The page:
Reclaiming the Web with a Personal Reader by Facundo Olano (olano.dev)
I realized that I had been using Twitter, and now Mastodon, as an information hub rather than a social network. I was following people just to get notified when they blogged on their websites; I was following bots to get content from link aggregators. Mastodon wasn’t the right tool for that job.

I came across an interesting passage by blogger Facundo Olano in his blog post about creating a personal feed reader to follow good and meaningful writing from around the web (see the source code for his interesting feed reader project). He assessed his prior usage of Twitter (now “X”) and Mastodon and realized that he was “following people just to get notified when they blogged on their websites,” in effect “following bots to get content from link aggregators.” He concluded that “Mastodon wasn’t the right tool for the job.” I wholeheartedly agree with Mr. Olano’s assessment as well as his preference for using personal feed readers to stay abreast of updates from interesting authors instead of social media platforms such as Facebook, X (or Twitter), and even Mastodon. Feeds are the best way for following individual websites and authors (combined with newsletters in some cases). Social media and networking serve different purposes, but I will grant that they can play a limited role in discovering new authors and articles (preferably combined with a read-it-later tool).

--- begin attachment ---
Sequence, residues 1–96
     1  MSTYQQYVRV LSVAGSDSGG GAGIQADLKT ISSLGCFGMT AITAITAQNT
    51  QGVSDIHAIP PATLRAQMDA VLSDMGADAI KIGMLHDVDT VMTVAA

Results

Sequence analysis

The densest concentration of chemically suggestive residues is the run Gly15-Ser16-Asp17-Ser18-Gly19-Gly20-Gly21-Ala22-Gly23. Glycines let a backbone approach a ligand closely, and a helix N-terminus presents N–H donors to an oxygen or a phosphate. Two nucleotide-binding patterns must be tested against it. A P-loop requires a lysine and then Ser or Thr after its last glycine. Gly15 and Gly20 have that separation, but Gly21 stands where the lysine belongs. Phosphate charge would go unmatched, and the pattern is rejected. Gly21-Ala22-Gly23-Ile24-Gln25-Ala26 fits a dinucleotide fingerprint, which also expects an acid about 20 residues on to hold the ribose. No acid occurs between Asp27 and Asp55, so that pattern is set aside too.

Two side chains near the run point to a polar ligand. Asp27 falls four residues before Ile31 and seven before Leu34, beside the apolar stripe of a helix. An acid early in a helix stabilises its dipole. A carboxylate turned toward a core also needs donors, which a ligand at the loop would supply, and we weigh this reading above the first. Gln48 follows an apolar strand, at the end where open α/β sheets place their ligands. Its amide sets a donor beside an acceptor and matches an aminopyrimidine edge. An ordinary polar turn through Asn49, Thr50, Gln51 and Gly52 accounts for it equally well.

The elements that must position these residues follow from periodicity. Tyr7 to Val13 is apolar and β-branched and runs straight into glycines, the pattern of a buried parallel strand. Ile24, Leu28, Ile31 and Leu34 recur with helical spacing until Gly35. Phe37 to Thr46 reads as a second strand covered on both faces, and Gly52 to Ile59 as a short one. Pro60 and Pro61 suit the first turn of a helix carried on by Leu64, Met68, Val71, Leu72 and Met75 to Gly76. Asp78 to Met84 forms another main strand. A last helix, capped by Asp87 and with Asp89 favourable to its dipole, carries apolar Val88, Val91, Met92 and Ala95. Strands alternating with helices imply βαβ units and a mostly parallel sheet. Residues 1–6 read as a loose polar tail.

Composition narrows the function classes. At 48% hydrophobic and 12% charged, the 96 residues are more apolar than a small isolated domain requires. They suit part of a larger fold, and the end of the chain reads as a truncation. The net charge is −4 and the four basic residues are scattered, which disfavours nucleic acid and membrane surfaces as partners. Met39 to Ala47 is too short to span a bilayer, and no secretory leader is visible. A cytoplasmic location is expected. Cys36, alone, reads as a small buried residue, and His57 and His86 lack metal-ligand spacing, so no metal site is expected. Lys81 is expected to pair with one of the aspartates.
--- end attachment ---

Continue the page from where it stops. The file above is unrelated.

Email newsletters via RSS by Dan Q (Dan Q)
No, I won't subscribe to your newsletter... except by using my RSS reader (and a clever feature of OpenTrashMail)!

I primarily use feeds to stay on top of interesting authors and websites. I seldom need to deal with newsletters because almost everything I follow (including a few Substack and Buttondown newsletters and the newsletter for Tablet Magazine) also have RSS feeds. But there are a few exceptions, notably some of the Real Clear network of sites. I started using Omnivore to cover this use case since it supports subscribing to newsletters from inside its app with its own email addresses. Blogger Dan Q here wrote about using an Open Trash Mail instance to handle newsletter to RSS conversions. Apparently one can subscribe to these disposable addresses via RSS. I’ll keep this in mind for future reference.